5. Class of 2012
Best of the Class: Todd Gurley, Duke Johnson, Ameer Abdullah, Mike Davis, Kenyan Drake
Best of the Rest: Tevin Coleman, Keith Marshall, Mario Pender, KeiVarae Russell, Dennis Norfleet
How good was the Class of 2012? Georgia’s Todd Gurley, despite a serious knee injury, ended up being a top-10 pick in the 2015 NFL Draft and ran wild in the NFL in '17 and '18, including helping the Los Angeles Rams make the Super Bowl this season. The class also turned out Duke Johnson from Miami, who earned All-ACC honors all three years he was on the field and was named the ACC’s Offensive Rookie of the Year in 2012. Indiana’s Tevin Coleman also earned unanimous All-American status in 2014. Both Johnson and Coleman would go in the third round of the 2015 draft. Nebraska’s Ameer Abdullah also was in this bunch, and he was a second-round draft pick that quickly had an impact in the NFL with his all-purpose abilities. Mike Davis was a standout at South Carolina, carrying the torch from Marcus Lattimore, and Kenyan Drake had some key contributions for Alabama.
6. Class of 2002
Best of the Class: Maurice Clarett, DeAngelo Williams, Jerious Norwood
Best of the Rest: DeShawn Wynn, Ciatrick Fason
The Class of 2002 may not have quite the level of achievement as some others, but it does carry one of the ultimate “what if” players in Ohio State’s Maurice Clarett. Clarett was arguably the most impressive freshman running back the game had seen since Herschel Walker and was a key part of Ohio State’s BCS title run against Miami. He set the Ohio State freshman rushing record but unfortunately saw his college career come to an end amid controversy. But this class had some strong positives as well, like first-round NFL draft pick DeAngelo Williams of Memphis and third-rounder Jerious Norwood out of Mississippi State.
7. Class of 2013
Best of the Class: Derrick Henry, Ezekiel Elliott, Kareem Hunt
Best of the Rest: Wayne Gallman, Derrick Green, Kelvin Taylor, Corey Clement
The Class of 2013 continues to impress over time. Ezekiel Elliott and Derrick Henry have gotten off to solid starts in the NFL and each was instrumental in winning national titles at Ohio State and Alabama, respectively. Henry also won a Heisman Trophy, while Elliott powered Ohio State to a national title. Joining the national title parade is Wayne Gallman at Clemson. Corey Clement continued to carry the running back legacy at Wisconsin and has become a nice back with the Philadelphia Eagles, helping the Eagles win their first Super Bowl to cap off the 2017 season.
One of the top running backs, however, played for Toledo before going on to have a rookie of the year type of season in the NFL. Kareem Hunt was a two-time first-team All-MAC running back and led the NFL in rushing in his first season in the pros with the Kansas City Chiefs. However, like Ray Rice, Hunt’s pro career took a sudden turn following a domestic abuse situation.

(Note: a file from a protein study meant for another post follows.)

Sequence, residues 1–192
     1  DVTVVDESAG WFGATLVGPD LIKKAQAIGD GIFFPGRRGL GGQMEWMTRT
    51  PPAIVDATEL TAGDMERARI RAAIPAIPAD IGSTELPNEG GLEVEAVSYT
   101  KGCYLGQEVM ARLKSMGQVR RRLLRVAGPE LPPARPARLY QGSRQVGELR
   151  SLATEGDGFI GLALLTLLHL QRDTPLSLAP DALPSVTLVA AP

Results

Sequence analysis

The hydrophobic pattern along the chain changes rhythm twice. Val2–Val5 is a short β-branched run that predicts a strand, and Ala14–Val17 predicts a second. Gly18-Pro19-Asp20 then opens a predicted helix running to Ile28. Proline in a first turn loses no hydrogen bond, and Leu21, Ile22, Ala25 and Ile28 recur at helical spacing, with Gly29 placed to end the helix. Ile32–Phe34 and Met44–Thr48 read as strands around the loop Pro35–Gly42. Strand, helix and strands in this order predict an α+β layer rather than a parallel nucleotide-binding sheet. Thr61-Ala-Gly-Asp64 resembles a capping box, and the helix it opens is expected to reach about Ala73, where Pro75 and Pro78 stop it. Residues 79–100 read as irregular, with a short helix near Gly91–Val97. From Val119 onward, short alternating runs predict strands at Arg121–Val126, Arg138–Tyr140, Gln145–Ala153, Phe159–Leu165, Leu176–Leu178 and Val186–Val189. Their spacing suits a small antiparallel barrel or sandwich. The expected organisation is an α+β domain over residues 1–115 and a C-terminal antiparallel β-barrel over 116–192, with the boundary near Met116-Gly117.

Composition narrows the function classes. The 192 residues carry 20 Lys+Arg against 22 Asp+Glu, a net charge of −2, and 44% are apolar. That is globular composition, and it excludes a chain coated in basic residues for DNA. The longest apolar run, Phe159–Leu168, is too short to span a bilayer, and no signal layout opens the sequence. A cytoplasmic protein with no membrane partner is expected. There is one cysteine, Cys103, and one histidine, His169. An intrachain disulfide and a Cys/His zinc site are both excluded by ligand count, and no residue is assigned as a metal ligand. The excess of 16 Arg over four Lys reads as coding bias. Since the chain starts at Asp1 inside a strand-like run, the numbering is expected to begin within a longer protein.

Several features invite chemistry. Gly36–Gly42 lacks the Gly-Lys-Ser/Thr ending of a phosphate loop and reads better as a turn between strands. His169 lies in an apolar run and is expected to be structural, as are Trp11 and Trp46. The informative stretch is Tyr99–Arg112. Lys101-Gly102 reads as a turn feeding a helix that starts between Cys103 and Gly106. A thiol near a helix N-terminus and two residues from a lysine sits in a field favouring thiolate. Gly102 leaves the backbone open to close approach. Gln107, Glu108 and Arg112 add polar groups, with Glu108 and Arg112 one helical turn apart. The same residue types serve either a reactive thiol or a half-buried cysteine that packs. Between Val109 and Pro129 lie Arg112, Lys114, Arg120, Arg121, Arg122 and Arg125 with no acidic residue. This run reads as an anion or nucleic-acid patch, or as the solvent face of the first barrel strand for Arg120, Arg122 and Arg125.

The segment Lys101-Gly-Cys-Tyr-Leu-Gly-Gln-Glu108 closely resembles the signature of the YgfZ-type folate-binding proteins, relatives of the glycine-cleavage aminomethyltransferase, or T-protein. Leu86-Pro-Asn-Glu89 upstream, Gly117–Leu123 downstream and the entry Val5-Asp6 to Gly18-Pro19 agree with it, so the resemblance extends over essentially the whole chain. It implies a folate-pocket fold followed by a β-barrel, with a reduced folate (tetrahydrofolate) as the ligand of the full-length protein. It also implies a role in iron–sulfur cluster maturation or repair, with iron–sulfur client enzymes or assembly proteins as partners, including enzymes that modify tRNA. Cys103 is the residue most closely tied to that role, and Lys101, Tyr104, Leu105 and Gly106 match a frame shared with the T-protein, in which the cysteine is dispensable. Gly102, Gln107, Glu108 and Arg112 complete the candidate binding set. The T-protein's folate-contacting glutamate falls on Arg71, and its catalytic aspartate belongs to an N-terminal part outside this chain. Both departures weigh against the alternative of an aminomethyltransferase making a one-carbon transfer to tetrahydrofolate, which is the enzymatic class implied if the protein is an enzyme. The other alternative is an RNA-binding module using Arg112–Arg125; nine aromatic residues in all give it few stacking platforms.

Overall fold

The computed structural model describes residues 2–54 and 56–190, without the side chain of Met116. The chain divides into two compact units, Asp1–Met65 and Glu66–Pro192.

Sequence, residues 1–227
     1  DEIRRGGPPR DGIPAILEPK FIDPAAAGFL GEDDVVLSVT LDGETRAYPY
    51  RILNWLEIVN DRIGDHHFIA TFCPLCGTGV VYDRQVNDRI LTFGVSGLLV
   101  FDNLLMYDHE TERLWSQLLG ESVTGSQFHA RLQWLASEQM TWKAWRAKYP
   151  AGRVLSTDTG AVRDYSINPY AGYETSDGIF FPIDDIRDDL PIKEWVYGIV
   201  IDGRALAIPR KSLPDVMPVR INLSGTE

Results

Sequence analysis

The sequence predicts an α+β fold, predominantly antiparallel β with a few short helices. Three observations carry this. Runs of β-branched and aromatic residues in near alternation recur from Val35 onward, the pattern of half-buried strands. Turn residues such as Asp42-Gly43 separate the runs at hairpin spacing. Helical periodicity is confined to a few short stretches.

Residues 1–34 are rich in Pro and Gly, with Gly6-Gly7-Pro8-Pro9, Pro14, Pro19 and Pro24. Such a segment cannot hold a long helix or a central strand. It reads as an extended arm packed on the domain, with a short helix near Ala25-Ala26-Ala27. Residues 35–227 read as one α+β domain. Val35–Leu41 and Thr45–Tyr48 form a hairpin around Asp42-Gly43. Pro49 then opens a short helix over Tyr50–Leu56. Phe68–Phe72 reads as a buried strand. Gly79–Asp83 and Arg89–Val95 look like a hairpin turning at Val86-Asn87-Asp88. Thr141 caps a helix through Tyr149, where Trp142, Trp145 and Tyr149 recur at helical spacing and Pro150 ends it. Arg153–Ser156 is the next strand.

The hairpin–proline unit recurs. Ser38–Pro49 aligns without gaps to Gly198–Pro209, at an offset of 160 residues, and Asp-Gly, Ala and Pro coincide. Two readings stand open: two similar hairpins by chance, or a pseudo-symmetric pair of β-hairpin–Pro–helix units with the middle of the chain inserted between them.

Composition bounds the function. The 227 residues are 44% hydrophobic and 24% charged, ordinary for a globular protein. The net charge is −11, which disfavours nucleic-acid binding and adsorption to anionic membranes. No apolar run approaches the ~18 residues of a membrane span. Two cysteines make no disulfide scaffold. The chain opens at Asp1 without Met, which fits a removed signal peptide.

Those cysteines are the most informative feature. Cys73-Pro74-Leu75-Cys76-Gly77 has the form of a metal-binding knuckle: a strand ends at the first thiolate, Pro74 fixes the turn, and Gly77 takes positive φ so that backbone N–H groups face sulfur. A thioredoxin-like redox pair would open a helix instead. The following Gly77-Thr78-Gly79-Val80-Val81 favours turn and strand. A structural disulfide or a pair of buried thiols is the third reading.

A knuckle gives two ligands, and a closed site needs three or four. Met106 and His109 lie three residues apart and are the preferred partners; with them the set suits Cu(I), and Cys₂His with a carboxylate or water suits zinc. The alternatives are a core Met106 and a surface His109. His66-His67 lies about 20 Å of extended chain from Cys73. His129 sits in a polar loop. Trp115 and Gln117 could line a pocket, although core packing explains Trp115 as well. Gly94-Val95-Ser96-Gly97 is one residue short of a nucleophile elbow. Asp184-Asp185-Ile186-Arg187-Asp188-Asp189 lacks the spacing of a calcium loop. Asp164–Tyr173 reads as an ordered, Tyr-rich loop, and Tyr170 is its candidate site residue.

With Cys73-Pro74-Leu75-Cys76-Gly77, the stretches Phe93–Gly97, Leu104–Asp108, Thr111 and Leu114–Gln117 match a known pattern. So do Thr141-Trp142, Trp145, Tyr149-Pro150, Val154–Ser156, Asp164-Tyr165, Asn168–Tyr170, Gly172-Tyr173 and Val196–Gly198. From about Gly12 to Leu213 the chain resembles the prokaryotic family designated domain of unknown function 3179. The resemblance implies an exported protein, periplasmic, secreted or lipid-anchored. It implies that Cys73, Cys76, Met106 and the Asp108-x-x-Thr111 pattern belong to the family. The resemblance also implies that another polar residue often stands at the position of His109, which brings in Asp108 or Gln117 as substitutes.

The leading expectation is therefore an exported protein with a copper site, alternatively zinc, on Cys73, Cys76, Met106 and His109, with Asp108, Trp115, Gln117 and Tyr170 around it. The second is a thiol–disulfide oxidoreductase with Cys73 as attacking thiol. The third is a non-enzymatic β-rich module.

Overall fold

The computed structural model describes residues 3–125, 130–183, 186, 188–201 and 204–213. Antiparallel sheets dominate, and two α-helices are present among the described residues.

8. Class of 2017
Best of the Class: Jonathan Taylor, J.K. Dobbins, Travis Etienne, AJ Dillon, D'Andre Swift
Best of the Rest: Najee Harris, Chuba Hubbard, Cam Akers, Larry Rountree, Stephen Carr
The Class of 2017 left a huge mark on the college football world. Jonathan Taylor of Wisconsin was a two-time Doak Walker Award winner who carried on the legacy of Wisconsin running backs with grace. Ohio State’s J.K. Dobbins finished his college career in a big way by helping to get the Buckeyes into the College Football Playoff, and Clemson’s Travis Etienne was a major reason for Clemson’s success in consecutive trips to the national championship game. Etienne, Boston College’s AJ Dillon and Florida State’s Cam Akers made for a dynamic trio of running backs in the ACC over the past two years. Georgia’s D’Andre Swift was arguably the best offensive player Georgia has had in the last couple of years.
Etienne decided to stay in school, so he should continue to pad his numbers while Chuba Hubbard is coming off of a monster 2019 where he led the nation with 2,094 rushing yards. Oregon's CJ Verdell is another from this class to watch after he broke out with a 1,200-yard campaign.
9. Class of 2005
Best of the Class: Darren McFadden, Ray Rice, Rashard Mendenhall, Jonathan Stewart
Best of the Rest: Jamaal Charles, Mike Davis, Marlon Lucky, Antone Smith, LaMarcus Coker, Toney Baker
Moving down the list we come to the Class of 2005, which may not have been ripe with all-time talent but certainly had some impactful players. Perhaps no player had as huge an impact on his college program as Ray Rice at Rutgers. Rice finished his freshman season as a 1,000-yard rusher in the school's first winning season in 25 years and he would later be a valid candidate for the Heisman Trophy and Maxwell Award. Rice would go on to being a second-round draft pick, but this class also had three first-round selections — Darren McFadden of Arkansas, Jonathan Stewart of Oregon, and Rashard Mendenhall of Illinois. Longhorns running back Jamaal Charles was a third-round draft pick, but went on to become a four-time Pro Bowler for Kansas City before moving onto Denver.